At block 502, the content distribution engine transmits game content to a computing device. The content distribution engine can use the operations described in FIG. 4 to select and transmit game content to the computing device. The flow continues at block 504.

At block 504, the content distribution engine receives feedback for the game content. For example, a player can indicate that they enjoy the game content transmitted to the computing device. Alternatively, the player can indicate that they do not enjoy the game content transmitted to the computing device. In some embodiments, the player feedback can be more extensive than a simple like or dislike of the game content. For example, the player feedback can indicate specific aspects of the game content which the player likes or dislikes. In some embodiments, the feedback for the game content is received, and the game content updated, in real time. For example, when the player provides negative feedback for the game content, the content distribution engine immediately provides new or modified game content. The flow continues at block 506.

At block 506, the content distribution engine stores the feedback. In some embodiments, the content distribution engine stores the feedback in association with one or more of the computing device, a player identifier, a player account, etc. In such embodiments, the content distribution engine can aggregate the feedback (along with usage information) to establish a rich database of usage information and affinity information for the computing device and/or player. The flow continues at decision diamond 508.

At decision diamond 508, the content distribution engine analyzes the feedback to determine whether it is positive feedback (i.e., the player likes the game content and/or aspects of the game content) or negative feedback (i.e., the player dislikes the game content and/or aspects of the game content). If the feedback is positive feedback, the flow continues at decision diamond 514. If the feedback is negative feedback, the flow continues at block 510.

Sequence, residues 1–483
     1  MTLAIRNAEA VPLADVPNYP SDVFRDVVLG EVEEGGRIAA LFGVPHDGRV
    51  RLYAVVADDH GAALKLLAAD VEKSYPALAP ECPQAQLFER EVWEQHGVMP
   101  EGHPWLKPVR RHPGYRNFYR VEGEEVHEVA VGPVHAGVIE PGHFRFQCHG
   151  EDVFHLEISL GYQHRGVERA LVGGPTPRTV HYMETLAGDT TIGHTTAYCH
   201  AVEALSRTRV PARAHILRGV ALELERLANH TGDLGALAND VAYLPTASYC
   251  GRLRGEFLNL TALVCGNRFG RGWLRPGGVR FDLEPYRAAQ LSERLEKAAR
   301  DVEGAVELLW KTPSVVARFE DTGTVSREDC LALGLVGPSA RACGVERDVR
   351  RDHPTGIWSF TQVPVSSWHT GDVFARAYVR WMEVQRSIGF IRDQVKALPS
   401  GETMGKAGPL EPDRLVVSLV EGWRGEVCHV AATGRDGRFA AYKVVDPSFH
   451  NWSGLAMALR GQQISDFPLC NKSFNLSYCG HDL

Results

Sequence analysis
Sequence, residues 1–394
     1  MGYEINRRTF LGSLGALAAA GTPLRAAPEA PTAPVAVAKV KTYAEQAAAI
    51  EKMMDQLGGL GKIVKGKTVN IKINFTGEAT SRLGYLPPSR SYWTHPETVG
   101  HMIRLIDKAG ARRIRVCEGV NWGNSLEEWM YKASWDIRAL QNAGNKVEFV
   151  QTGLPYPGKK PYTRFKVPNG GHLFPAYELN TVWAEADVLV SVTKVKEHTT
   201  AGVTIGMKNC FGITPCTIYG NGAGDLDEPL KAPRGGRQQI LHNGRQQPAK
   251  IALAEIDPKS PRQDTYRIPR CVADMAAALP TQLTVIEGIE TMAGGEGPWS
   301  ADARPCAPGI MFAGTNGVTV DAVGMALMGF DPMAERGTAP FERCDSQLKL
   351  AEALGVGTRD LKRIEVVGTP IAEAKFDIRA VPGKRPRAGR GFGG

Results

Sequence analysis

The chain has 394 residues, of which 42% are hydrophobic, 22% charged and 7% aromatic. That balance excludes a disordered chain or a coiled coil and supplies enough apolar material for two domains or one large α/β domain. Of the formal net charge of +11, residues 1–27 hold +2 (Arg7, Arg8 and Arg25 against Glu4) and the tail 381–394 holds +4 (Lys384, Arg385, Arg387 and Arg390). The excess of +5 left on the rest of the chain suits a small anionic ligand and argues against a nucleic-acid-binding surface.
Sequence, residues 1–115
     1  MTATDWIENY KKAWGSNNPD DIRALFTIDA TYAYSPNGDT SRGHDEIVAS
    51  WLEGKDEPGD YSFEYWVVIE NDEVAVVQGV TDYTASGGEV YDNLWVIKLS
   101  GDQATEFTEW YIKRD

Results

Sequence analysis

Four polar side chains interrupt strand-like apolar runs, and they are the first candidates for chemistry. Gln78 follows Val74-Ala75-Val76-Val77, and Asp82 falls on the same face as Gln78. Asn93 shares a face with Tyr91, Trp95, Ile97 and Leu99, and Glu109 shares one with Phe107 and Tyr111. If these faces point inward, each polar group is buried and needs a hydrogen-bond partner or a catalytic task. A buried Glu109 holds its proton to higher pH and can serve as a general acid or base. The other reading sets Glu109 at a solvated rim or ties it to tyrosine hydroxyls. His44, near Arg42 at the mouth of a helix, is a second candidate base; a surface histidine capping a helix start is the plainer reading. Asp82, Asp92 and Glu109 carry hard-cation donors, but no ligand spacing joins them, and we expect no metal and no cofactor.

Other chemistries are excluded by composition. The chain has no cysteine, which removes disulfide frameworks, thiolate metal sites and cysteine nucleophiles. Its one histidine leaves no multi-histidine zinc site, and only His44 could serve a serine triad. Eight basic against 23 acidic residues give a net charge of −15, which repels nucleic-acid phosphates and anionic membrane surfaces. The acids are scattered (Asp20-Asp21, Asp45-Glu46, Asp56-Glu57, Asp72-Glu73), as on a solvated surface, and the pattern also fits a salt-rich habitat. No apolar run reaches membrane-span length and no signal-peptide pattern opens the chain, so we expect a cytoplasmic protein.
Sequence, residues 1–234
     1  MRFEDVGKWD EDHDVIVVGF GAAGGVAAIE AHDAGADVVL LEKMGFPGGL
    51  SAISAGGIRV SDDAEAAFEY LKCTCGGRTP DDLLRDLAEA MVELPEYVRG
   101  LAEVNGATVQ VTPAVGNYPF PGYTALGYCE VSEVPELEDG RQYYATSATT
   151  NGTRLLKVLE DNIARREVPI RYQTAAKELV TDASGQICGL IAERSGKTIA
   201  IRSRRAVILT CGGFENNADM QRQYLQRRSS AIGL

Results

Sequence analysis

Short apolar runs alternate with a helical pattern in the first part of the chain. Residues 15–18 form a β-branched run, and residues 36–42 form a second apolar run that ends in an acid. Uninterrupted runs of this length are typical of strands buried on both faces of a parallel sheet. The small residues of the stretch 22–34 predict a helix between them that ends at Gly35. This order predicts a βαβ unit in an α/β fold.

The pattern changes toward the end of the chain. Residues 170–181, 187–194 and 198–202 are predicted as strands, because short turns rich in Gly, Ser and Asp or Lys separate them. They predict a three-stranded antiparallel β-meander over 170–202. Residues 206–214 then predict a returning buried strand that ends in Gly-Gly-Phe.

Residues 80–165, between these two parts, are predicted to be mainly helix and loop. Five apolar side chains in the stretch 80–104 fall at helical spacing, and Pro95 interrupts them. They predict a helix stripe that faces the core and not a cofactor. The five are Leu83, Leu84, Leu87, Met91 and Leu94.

At block 510 the content distribution engine modifies the game content or determines new game content to transmit, based on the negative feedback. Additionally, the content distribution engine can modify the game content or determine new game content to transmit based on the device type, usage information, and affinity information. The content distribution engine can modify the content, for example, by:

    • Altering the volatility of the game content
    • Adjusting the resolution of the game content and/or aspects of the game content
    • Altering the presentation of the game content and/or aspects of the game content
    • Adjusting the sound level of the game content
    • Adjusting the brightness of the game content
    • Modifying the game content to provide haptic feedback indicating a result of the game content
    • Adjusting the game content duration
    • Adjusting the difficulty of the game content
    • Changing the theme of the game content
    • Changing the difficulty of the game content
    • Changing the duration of the game content
    • Modifying reel symbols of the game content
    • Modifying bonus types for the game content
    • Modifying presentation of a home screen or game menu
    • Modifying win celebration sequences, animations, sounds, etc.
    • Modifying a time period in between bonuses
    • Modifying a structure of game levels
      If the content distribution engine transmits new game content, the content distribution engine determines new content suitable for the player based on the usage information and affinity information (including the negative feedback received at block 508). The flow continues at block 512.